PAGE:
But I must say that the complement that means the most to me didn’t come from an astronomer, amateur or professional, but from a source quite close to home. At holiday time a few years ago, my son Kevin came in from Pittsburgh where he was conducting the Duquesne University Symphony. We went from DFW airport to a public star party at a nearby state park. Around 40 people were looking through a half dozen very nice scopes from 4" to 18" that were brought by a local group of serious amateurs.

Well into the session, an older gentlemen stopped to look at Saturn through the 10" Teleport. He said "Wow, honey come here, this is just incredible, the best view I’ve seen." His wife came for a look, and said "You’re right. Why is it so much better in this telescope?" From a few feet away in the dark a familiar voice said "Because my Dad made that telescope".

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Now about this "engineer" business…. For 40 years I’ve written "engineer" in the space for "occupation". I don’t have an engineering degree and, truth be told, I've never had an engineering course or even drafting. My high school had no wood shop or machine shop, but as a kid I always loved to make things. In college in 1963, I made my first 6" mirror and a pipe-mount German equatorial. It was the most fun I had the entire four years. After I got my BS in physics and math in 1964 Texas Instruments decided I was a "semiconductor engineer." They let me play with some fancy toys that led to several patents and a crisp new dollar bill for each.

I supported production processes and developed new ones for manufacturing semiconductor devices. When I finished, I would have a set of specs, and sometimes a patent and another new dollar bill. The mechanical engineers in another department designed and made machines to execute my processes in production (sometimes they wanted to execute me) When they finished, they had a cool machine to watch doing its thing, and it seemed to me they had all the real fun.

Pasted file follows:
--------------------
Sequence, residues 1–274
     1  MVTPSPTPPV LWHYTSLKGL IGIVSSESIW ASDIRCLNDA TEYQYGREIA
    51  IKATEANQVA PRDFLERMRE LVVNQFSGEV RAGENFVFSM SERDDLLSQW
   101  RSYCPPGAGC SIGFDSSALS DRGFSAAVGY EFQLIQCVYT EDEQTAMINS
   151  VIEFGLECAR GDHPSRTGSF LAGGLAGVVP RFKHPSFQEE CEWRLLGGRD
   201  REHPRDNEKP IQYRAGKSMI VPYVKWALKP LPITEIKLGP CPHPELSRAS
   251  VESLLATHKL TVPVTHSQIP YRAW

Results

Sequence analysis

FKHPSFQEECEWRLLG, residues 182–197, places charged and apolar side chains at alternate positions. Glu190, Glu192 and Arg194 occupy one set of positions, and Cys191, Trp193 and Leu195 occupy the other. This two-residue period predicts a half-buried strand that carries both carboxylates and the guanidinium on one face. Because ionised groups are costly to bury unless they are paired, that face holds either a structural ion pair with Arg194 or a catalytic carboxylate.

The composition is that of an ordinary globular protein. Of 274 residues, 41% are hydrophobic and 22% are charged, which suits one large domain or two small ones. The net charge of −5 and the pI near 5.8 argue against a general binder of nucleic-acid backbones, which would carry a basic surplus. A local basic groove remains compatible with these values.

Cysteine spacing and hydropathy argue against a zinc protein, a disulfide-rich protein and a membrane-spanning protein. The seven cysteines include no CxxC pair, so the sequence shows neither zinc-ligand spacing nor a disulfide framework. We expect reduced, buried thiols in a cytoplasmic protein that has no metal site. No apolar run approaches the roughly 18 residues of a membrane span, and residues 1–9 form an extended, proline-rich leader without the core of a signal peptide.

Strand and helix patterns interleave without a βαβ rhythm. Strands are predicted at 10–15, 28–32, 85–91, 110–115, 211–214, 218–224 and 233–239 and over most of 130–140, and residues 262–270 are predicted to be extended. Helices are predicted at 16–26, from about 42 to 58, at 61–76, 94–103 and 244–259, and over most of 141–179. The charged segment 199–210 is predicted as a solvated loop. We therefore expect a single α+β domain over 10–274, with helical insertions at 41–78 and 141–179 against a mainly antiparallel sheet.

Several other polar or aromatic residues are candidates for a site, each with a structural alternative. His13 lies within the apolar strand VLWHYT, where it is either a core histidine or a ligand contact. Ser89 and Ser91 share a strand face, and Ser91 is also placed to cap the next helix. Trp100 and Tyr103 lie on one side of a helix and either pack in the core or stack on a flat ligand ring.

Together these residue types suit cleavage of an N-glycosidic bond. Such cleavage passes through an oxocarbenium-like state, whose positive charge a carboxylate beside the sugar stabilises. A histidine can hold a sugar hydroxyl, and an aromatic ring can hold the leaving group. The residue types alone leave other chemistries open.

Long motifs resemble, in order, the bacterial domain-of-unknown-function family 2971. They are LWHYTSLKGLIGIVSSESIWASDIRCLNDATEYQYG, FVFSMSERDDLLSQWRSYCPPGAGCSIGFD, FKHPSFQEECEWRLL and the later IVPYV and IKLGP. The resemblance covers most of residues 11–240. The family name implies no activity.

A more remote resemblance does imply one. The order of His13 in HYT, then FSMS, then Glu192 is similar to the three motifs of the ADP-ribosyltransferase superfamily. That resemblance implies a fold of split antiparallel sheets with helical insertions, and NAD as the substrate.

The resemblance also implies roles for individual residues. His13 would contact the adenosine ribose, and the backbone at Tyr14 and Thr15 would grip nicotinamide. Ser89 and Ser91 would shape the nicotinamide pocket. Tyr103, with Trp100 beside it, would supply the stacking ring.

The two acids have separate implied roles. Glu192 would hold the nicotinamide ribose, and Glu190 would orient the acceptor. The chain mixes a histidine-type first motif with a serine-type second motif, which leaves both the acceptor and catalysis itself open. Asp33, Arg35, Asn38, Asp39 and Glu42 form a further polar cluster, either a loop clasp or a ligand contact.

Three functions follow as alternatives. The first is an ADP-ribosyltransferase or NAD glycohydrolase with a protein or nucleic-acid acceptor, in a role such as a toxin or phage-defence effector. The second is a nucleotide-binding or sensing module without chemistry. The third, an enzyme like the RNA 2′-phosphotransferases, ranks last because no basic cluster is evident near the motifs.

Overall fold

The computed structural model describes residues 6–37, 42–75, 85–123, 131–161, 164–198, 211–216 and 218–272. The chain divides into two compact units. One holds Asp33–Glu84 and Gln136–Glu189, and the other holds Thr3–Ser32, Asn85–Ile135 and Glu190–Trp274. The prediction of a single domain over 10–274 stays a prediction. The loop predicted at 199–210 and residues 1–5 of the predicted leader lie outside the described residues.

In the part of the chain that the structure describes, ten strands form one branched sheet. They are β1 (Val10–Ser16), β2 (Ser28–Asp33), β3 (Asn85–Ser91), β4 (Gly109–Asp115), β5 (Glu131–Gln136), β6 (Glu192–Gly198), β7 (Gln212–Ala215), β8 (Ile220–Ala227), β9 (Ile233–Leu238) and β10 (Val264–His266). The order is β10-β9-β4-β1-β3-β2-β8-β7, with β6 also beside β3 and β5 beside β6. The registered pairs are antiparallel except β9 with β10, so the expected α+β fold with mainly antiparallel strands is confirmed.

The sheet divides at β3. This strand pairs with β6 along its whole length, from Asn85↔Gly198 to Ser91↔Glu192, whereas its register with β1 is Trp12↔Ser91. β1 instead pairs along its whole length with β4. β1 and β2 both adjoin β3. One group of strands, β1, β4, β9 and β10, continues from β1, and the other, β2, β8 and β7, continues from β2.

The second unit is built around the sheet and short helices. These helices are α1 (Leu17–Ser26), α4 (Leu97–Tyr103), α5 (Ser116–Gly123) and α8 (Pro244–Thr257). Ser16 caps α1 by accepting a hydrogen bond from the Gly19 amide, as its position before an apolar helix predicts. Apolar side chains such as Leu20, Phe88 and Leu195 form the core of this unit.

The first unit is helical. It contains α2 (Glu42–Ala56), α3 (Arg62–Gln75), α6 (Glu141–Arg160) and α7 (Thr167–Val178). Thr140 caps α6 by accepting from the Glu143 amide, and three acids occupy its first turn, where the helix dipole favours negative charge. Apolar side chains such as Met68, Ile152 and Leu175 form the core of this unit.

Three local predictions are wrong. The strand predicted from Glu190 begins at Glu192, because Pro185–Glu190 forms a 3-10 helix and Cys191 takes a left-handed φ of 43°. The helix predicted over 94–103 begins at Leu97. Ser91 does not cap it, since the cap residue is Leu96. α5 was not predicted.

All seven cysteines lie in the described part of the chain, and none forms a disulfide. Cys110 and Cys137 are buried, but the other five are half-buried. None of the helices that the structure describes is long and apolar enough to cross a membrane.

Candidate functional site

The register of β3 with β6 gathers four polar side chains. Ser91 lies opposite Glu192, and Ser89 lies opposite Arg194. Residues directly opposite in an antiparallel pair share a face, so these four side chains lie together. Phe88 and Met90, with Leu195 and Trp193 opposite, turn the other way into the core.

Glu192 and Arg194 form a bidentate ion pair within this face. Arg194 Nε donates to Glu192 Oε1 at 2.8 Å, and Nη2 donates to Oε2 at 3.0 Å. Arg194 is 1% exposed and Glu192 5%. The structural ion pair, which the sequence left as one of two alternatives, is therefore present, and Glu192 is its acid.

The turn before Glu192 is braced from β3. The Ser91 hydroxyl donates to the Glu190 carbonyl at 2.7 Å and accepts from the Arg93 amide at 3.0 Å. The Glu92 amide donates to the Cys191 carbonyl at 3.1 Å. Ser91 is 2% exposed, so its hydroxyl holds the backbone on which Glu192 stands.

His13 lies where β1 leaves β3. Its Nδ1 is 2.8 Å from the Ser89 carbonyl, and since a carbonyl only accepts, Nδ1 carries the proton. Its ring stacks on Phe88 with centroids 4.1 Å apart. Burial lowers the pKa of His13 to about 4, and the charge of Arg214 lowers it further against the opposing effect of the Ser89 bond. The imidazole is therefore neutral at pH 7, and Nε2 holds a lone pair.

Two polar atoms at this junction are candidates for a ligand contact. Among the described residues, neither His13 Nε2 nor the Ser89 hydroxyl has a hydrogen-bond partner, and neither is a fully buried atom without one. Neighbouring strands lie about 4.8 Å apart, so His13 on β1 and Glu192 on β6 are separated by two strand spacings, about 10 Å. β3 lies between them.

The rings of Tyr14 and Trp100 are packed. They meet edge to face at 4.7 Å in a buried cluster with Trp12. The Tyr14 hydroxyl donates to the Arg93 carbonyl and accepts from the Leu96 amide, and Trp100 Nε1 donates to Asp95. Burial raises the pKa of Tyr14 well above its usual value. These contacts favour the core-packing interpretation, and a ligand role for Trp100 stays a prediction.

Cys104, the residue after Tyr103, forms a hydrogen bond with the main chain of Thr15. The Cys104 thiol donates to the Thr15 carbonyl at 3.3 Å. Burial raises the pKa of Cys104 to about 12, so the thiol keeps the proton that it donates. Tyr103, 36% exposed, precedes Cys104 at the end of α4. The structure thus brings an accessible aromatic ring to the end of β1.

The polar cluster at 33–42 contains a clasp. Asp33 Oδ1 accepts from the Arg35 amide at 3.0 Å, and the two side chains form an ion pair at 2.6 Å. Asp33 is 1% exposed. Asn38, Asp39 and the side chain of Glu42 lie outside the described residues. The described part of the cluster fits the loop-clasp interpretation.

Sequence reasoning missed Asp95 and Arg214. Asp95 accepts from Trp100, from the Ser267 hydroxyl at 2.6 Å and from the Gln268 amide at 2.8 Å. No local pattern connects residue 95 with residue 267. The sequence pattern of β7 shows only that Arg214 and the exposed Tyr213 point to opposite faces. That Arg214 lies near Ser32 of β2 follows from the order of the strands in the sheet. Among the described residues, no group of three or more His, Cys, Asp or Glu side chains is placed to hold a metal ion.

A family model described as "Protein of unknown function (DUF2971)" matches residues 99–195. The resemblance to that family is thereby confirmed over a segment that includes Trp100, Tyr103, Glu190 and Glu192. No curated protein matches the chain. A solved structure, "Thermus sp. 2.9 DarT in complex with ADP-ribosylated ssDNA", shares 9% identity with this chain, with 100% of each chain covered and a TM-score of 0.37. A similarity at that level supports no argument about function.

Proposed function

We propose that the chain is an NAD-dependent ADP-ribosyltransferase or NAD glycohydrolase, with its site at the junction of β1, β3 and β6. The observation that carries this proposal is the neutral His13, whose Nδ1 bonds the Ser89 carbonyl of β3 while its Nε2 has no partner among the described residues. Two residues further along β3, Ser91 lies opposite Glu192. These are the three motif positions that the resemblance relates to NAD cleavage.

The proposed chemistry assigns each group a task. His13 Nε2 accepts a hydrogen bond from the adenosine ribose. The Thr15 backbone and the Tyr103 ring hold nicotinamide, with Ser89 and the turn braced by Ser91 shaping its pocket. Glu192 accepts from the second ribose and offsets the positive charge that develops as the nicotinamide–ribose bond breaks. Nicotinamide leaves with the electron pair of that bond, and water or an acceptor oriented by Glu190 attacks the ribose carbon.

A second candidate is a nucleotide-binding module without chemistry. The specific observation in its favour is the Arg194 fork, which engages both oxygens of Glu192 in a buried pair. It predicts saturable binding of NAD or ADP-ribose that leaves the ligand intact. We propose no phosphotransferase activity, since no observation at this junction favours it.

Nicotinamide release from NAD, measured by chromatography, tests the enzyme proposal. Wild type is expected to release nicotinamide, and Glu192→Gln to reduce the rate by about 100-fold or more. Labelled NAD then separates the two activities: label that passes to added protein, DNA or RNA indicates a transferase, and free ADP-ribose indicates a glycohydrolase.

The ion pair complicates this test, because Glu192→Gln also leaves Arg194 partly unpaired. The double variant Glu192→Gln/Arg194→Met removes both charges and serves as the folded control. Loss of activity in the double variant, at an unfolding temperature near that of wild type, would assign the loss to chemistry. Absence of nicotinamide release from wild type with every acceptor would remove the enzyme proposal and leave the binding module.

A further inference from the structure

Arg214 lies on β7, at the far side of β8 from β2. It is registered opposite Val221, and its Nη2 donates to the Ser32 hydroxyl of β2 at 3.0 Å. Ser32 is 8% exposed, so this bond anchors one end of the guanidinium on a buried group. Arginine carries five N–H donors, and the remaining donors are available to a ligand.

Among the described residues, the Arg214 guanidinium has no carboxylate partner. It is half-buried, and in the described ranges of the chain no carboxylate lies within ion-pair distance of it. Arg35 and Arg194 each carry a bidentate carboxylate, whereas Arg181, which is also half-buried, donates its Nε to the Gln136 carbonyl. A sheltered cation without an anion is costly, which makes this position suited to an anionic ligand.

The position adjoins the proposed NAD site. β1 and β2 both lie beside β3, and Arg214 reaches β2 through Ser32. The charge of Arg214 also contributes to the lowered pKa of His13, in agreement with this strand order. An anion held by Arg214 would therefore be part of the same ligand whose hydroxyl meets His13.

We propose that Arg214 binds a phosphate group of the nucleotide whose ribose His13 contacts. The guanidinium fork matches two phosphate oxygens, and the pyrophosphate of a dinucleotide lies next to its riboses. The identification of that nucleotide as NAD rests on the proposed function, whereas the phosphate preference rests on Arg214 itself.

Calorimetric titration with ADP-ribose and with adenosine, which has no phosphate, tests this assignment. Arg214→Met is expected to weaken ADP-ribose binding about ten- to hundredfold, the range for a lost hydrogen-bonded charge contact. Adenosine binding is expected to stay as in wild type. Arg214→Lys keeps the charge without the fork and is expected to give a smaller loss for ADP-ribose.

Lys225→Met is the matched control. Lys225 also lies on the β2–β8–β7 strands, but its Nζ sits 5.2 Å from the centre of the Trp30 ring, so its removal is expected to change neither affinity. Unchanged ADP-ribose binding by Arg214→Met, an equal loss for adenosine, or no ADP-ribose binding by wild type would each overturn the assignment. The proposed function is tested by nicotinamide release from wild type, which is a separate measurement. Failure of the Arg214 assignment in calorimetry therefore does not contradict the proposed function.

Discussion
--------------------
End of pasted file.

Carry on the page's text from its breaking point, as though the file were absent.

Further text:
While at TI, I got very involved in photography and color lab work as a hobby, then got into it more seriously as a side business. When Kodak introduced the C-41 process I made a little unit to let me run it in my home darkroom. Two years later, in 1975, I left TI to manufacture photo-processing machines. With no boss to teach me (or scream at me when I screwed up) over the next 20 years, I learned to do design and mechanical engineering. Now I get to apply that to making telescopes, which is even more fun.

So I call myself an engineer on the forms but think of myself as a whittler, hence the Swiss Army knife on the sign in front of the shop. I like to do it all, from concept to product delivery, rather than be alink in a long and complex chain. That limits the complexity of what I can do but it feels extremely free and I find it very satisfying. I like working on something I relate to, and I've related to telescopes for more than 40 years now. I can think of nothing else I would rather design and make.

The possibilities for scope design are unlimited. My long term motorcycle addiction has taken me in a direction with the Teleports that seems compatible with travelling light. Overall I tend to be a "minimalist" and enjoy the challenge of fitting the most capability into the smallest space. I found a neat summary of my feelings in a recent email from my friend Roger in Idaho. The optimist says "The glass is half full."The pessimist says "The glass is half empty." The engineer says "The glass is twice as big as it needs to be."

I would literally make everything for the scopes if I could. My experience with the mirror for that 12.5 GEM Newtonian (it took me 17 years) convinced me to let someone else do that. Carl Zambuto is not only a faster optician than me, he's also a better one than me (or anyone else I know.). Likewise the spiders that Bryan Greer makes at Protostar and the finders that Leon Palmer makes at Rigel Systems are better than mine would be. And what can I say about Werner Schmidt's Feathertouch focuser? Talk about engineering . . .